A chemical present in some toothpastes and soaps has been linked with brain damage to babies in the womb. Scientists fear that pregnant women who are exposed to particularly high levels of the chemical triclosan, may be putting their babies at risk.
The findings suggest triclosan could disrupt blood flow to the uterus thus starving a baby’s brain of the oxygen it needs to develop properly. Urgent investigations into the dangers to unborn babies have been called for. Triclosan is a powerful anti-bacterial chemical that was developed nearly 50 years ago. It is often used in toothpastes, deodorants and liquid soaps as well as washing-up liquid and anti-bacterial chopping boards.
Latest studies on sheep showed it interferes with an enzyme that allows the hormone oestrogen to circulate in the womb which helps keep open the main artery carrying oxygen-rich blood to the foetus. If there is too little, this artery narrows and oxygen supplies are depleted. In the UK, the chemical’s use is covered by the EU Cosmetics Directive, which says it is safe to use to the maximum content of 0.3 per cent. GlaxoSmithKline has phased out triclosan in its Aquafresh and Sensodyne toothpaste. It is still used in Colgate Total.
Despite assurances, it has been suggested that pregnant women avoid triclosan... just to be sure.
Research has found that people are more likely to wash their hands after going to the toilet, if they think that someone else is watching them - if no one is looking, they'll not bother! The research was carried out by the London School of Hygiene and Tropical Medicine. They set up sensors in toilets and were able to study the behaviour of 250,000 people. They found that less than one third of men washed with hands with soap but nearly two thirds of women did.
Why bother washing your hands? As you go through the day touching surfaces and objects, germs accumulate on your hands. You can infect yourself by touching your own eyes, nose or mouth. Washing your hands with soap can minimise the spread of bacteria.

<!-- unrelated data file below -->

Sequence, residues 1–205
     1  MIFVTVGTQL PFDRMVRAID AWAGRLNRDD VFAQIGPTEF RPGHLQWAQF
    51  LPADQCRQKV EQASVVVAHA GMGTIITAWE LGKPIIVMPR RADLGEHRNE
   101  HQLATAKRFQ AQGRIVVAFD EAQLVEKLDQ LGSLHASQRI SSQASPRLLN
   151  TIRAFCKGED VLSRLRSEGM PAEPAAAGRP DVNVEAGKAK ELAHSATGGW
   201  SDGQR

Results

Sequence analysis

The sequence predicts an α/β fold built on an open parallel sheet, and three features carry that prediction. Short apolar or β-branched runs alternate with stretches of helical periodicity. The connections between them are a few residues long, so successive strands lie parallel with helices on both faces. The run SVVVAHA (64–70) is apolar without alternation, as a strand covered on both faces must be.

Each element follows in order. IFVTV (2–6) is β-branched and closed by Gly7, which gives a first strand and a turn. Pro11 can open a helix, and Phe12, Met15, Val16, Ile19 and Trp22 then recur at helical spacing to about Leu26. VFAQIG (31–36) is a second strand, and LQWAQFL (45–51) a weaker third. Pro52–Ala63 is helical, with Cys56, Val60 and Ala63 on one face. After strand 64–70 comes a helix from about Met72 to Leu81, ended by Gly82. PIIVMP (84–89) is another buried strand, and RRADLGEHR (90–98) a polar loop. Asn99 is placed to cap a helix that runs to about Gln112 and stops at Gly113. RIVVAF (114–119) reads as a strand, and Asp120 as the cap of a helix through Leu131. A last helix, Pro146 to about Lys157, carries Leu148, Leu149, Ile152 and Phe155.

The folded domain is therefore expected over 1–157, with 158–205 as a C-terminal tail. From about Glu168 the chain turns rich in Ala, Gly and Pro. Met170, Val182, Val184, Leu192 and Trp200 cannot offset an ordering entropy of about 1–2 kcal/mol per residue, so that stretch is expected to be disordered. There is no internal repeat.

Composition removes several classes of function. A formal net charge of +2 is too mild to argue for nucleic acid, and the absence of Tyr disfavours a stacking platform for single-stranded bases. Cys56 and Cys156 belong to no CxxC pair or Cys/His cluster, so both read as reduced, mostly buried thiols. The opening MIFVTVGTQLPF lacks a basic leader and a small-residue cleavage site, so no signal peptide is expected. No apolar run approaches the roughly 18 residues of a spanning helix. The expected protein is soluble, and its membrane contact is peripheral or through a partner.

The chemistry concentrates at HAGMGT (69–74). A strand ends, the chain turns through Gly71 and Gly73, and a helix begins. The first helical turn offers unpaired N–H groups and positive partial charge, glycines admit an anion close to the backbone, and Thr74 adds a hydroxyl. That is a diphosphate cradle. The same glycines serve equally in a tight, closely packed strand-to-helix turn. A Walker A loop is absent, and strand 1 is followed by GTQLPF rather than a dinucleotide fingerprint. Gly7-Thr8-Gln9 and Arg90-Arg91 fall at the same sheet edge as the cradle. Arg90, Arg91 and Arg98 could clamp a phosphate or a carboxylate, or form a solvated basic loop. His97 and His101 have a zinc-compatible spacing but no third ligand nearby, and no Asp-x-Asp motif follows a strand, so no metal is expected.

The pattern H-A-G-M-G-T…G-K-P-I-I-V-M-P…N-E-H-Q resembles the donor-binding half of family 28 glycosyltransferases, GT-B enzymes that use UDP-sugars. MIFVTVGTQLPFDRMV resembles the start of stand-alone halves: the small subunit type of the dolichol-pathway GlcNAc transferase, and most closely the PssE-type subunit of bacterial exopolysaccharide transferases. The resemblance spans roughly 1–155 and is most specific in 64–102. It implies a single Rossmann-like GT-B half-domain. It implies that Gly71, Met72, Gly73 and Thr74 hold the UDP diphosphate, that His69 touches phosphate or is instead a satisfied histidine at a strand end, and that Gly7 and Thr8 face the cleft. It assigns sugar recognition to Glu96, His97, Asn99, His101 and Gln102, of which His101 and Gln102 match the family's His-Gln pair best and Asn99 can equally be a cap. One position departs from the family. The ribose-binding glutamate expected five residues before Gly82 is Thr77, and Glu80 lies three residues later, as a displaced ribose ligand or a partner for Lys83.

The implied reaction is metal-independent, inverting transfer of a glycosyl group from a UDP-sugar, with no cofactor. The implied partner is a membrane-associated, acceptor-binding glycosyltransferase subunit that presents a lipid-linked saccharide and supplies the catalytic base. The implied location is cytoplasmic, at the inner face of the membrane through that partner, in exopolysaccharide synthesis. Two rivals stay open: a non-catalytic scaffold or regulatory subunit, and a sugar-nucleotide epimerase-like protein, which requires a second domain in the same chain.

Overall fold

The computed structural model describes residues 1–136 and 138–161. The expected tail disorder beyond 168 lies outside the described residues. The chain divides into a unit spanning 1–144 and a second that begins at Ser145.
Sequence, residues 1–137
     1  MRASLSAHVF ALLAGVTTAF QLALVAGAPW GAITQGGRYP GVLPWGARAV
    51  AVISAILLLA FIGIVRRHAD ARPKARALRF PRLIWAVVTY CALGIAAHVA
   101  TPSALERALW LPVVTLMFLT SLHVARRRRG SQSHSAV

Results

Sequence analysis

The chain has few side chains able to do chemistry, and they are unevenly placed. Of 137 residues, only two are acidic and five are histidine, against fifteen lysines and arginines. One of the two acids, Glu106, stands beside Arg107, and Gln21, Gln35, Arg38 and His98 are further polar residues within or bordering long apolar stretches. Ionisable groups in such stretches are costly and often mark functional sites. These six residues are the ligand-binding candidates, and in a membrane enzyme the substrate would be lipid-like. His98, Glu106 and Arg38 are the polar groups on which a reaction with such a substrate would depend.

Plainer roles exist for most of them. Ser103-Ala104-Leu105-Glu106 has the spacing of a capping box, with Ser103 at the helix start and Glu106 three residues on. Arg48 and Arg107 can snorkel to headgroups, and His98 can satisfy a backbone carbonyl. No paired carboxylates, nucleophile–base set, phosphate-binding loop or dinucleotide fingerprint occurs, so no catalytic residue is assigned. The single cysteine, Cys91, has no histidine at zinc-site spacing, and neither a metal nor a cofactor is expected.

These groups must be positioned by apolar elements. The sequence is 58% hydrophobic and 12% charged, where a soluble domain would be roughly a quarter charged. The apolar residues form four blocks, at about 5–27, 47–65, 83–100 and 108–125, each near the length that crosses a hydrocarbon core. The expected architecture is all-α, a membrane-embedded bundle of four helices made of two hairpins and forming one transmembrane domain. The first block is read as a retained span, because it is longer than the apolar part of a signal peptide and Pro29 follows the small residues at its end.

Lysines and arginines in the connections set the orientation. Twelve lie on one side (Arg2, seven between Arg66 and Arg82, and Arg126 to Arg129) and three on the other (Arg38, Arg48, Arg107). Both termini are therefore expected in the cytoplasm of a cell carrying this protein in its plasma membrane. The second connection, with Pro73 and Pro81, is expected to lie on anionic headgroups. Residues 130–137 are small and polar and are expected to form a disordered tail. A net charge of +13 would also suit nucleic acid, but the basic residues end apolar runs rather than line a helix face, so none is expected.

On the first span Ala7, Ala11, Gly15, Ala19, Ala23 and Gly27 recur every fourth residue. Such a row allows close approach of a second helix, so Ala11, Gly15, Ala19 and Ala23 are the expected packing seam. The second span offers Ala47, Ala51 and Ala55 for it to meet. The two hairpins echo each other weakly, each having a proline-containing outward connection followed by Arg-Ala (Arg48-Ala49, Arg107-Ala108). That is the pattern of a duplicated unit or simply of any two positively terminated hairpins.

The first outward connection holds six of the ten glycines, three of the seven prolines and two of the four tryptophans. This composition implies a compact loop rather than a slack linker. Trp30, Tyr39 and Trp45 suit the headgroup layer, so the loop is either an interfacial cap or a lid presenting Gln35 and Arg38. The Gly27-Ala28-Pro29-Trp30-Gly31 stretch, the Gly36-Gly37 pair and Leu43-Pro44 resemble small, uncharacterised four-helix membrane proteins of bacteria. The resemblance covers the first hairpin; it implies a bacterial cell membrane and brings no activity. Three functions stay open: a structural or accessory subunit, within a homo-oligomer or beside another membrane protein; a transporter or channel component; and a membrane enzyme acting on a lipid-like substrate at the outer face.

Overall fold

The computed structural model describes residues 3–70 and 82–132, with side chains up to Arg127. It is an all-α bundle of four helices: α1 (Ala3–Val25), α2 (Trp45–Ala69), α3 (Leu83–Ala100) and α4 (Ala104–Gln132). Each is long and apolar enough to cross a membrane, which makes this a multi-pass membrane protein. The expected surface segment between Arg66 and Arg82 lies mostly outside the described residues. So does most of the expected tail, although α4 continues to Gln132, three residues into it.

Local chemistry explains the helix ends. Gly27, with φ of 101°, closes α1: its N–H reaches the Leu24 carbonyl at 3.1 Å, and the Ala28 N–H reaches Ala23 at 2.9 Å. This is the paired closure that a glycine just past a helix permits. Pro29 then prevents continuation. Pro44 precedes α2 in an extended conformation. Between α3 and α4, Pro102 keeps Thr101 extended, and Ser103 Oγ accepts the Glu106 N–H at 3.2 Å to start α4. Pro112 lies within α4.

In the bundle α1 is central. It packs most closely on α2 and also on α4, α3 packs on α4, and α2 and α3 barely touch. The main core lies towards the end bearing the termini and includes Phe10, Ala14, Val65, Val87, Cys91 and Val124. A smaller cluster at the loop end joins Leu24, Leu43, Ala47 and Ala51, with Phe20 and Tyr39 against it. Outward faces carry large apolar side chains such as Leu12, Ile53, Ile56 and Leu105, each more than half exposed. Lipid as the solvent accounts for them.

When to wash your hands:
Here are the steps required to give them a thorough wash and reduce risk of infection from bacteria:-
Encourage little ones to wash frequently too. Show them what to do and lead by example by always washing your hands too! It will become second nature and you could be doing them a huge favour when it comes to avoiding contagious illnesses!
Bathtime can be a stressful time of the day, everyone's tired, the bathroom can be a hostile environment, and the children may simply detest water - what can you do?! Bathing is an important aspect of raising healthy children, so the key is to make it an enjoyable experience and a regular part of the bedime routine.
Unless your children have particularly dry skin you can bathe them every day and use bathtime as a signal to relax and wind down for the day. Even at this stage of the day you can introduce games and craft and even if your children don't take to water naurally, with a bit of distraction they'll come to enjoy bathtime and even come to love it!
Bath toys are readily available from toy stores and supermarkets. Even if toys aren't designed specifically for educational purposes, simply having toys and water will lead to natural learning. Your children will discover the properties of water, how it flows, how objects sink or swim and lots more. Simply playing with water teaches children so many lessons.
Why not make your own soaps to encourage the children to clean themselves? This is an activity before bath; soap making kits are readily available from craft and toy stores. Make sure any kits state that the soaps are suitable for children as soaps can be caustic and irritate the skin, and make them up as instructed. Add your own essential oils for a variety of scents.
Bath crayons are oil based crayons that you can use to draw and scribble on the side of the bath and also available from toy stores. They are waterproof and scrub off easily (although best to clean them straight after the bath as they can become harder to scrub off if left for days!). Young babies will enjoy scribbling, older children will love to draw pictures and practice writing their name, numbers and letters.
If you like to make your own craft materials, you can even make your own bathtime paints. Mix a mild, baby shampoo with cornstarch and a couple of drops of food colouring. Make up several colours and you'll have a fun and safe paint to paint on your bath. Make sure you wipe the paints away as soon as you finish bath because food colouring really could stain if you leave it for too long!
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